The key to understanding how plainclothes units work is the concept of discretion, itself a measure of the distance between law, understood in its ideal sense of standards that are universal, transparent, and subject to collective, democratic deliberation and order, or the lived reality of racialized capitalism and its reproduction, which utilizes whatever ambiguities lie within the law and its enforcement as well as plain extralegal domination. This untethering from the law is achieved in the spaces of discretion afforded to police commanders—who are, after all, not elected—while plainclothes units are its vanguard. The concept of plainclothes work itself reflects the mission creep of police authority in a society that cannot discipline everyone through work. The absence of uniforms and the use of unmarked cars widen tactical options, affording officers the element of surprise, but also work to muddy the relationship between officers and the law in the minds of both themselves and those they police. “When police have uniforms on they act a lot different than when they don't,” remarked one retired police captain, reacting to the news that Adams would bring back the anti-crime units.8 The result is to detach officers from the iconography and the behavioral norms of transparent, professionalized policing and its association with a rational state, trading this framework for the modus operandi of the street gang. The informal culture of the NYPD is full of expressions of this rank-and-file autonomy, from challenge coins to the upside-down New York City flag stickers that some officers affix to their work vehicles.9 One sometimes hears the phrase “within and against” on the left; we should keep in mind the perhaps more successful ways this strategy gets pursued from the right.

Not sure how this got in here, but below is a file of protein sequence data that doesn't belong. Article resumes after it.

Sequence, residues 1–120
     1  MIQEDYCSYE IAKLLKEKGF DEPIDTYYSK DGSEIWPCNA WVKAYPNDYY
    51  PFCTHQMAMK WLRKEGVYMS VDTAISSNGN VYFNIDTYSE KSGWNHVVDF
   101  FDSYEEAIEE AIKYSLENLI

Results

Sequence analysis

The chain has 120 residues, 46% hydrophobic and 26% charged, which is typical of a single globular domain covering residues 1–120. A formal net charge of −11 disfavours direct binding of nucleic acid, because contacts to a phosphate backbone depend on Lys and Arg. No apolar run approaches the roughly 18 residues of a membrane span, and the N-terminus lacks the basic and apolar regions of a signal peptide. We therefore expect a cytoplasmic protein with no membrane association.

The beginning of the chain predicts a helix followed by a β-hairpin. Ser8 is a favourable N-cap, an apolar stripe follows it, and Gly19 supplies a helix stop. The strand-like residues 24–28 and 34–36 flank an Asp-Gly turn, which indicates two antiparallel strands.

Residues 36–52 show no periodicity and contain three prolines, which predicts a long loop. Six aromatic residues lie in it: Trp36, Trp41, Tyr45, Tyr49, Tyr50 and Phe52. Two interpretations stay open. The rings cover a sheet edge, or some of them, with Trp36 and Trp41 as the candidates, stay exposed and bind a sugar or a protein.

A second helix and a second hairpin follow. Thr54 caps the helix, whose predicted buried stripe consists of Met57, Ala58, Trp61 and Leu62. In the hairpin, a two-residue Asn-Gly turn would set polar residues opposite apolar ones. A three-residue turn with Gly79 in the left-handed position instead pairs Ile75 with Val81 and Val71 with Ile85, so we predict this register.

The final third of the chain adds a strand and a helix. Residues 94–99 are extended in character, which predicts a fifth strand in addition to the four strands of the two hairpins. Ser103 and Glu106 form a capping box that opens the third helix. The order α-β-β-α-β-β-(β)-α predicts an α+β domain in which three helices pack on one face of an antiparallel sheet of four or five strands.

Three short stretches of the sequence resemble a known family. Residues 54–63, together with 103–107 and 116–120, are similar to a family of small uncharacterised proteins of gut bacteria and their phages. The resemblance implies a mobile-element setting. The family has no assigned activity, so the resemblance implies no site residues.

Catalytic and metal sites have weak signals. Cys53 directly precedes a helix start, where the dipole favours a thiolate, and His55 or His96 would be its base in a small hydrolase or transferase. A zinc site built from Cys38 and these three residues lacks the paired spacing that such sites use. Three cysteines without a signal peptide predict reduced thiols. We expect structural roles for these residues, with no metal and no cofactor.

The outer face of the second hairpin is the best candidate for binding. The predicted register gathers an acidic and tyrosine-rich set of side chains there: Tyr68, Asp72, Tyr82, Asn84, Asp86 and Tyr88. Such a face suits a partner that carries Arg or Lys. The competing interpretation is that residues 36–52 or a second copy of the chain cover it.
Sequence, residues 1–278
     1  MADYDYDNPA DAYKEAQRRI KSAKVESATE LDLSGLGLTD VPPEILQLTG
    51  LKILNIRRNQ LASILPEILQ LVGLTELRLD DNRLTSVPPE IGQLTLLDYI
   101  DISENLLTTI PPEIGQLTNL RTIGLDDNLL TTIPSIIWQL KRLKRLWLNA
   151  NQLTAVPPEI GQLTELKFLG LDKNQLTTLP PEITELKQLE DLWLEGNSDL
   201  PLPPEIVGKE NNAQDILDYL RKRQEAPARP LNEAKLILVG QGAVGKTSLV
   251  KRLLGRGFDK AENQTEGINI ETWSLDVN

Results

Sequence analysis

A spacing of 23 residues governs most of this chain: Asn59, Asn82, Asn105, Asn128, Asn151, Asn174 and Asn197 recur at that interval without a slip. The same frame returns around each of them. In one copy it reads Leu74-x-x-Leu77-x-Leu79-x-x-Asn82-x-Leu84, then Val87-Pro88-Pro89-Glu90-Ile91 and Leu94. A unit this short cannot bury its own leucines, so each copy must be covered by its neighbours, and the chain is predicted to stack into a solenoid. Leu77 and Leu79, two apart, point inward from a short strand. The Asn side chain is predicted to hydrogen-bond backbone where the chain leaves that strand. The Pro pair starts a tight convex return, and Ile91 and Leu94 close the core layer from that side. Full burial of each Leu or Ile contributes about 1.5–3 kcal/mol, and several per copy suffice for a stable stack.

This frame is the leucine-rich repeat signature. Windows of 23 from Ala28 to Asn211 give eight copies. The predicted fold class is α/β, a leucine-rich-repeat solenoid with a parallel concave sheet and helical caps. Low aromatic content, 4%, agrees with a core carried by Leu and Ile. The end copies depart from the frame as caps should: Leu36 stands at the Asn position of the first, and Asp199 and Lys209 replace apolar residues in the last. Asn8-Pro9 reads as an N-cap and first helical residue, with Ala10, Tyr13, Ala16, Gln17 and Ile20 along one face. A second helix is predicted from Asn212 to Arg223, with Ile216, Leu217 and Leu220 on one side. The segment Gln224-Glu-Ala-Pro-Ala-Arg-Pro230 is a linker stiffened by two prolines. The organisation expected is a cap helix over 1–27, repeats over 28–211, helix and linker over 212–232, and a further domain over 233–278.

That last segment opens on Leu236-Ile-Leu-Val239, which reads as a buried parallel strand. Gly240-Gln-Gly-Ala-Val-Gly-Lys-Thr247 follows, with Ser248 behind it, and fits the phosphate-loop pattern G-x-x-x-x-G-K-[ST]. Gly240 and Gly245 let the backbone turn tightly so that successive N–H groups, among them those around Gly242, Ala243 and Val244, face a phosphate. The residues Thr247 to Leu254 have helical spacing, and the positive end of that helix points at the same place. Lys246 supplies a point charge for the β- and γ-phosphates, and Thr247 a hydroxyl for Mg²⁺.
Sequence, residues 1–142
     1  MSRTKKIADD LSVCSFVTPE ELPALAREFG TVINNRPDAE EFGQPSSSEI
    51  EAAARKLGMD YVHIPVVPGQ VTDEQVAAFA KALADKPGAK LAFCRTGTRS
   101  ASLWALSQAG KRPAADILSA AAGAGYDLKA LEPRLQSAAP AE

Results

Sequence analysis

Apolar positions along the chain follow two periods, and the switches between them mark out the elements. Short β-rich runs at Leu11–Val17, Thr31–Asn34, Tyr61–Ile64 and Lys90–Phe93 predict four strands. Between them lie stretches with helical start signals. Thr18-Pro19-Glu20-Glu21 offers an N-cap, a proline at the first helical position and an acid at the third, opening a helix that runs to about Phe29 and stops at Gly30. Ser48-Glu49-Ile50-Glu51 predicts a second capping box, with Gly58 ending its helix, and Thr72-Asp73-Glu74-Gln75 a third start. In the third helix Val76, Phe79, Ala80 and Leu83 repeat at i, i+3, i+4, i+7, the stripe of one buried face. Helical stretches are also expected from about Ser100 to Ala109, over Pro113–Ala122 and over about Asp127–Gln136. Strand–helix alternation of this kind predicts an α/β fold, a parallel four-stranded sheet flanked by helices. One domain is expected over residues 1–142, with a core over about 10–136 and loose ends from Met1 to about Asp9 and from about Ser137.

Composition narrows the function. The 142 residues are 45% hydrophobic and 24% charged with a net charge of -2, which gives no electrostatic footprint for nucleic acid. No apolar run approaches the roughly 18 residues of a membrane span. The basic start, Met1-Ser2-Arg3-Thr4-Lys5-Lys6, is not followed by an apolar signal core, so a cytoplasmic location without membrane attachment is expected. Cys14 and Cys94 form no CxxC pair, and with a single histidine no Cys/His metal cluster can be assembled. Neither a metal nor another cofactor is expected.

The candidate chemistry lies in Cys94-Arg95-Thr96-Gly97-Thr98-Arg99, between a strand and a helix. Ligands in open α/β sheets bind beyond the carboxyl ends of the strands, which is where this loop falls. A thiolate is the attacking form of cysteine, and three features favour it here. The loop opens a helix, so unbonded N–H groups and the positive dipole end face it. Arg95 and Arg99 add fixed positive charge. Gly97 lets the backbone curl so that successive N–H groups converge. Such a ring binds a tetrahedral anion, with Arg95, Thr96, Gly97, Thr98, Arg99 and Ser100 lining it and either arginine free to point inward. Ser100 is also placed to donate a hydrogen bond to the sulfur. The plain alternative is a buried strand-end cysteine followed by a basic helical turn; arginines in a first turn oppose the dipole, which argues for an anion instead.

Sometimes things really aren’t new. Broken windows policing itself can be understood as a framework to broaden discretion, offering officers the leeway to engage in the kind of small-scale harassment and petty domination that forms part of the secret machine of white supremacy in American cities. For eons, extortion, violence, and everyday humiliation have been normal features of the relationship between the police and Black people in American cities.10 The postwar Black freedom struggle and the movements that followed it challenged these power relationships—the Miranda decision, which sought to strengthen procedural safeguards against arbitrary authority, and the struggles for civilian review boards, which hoped to relocate authority over police to a realm of potential democratic accountability, might serve as benchmarks of this shift. Following the challenges of the 1960s, broken windows and its relatives—“quality of life,” “zero tolerance”—formed part of a movement to restore police autonomy over everyday life in communities of color. This devolution of authority back to the rank-and-file paralleled a broader movement in American politics, where “states’ rights” and “local control” became euphemisms for the restoration of the political economy of white supremacy in its post-War on Poverty guise. The street-level campaign was dramatized in countless films of the period, including Dirty Harry, Death Wish, and The French Connection, whose bar-raid scene captures the humiliation that is an essential element of this policing strategy. When Commissioner Sewell appeals to a “surgical” approach, using a term that implies police officers can neatly separate those who violate the letter of the law from those who do not, she encourages us to participate in the fantasy that this dirty side of American policing is somehow separate or beside the point. It is not.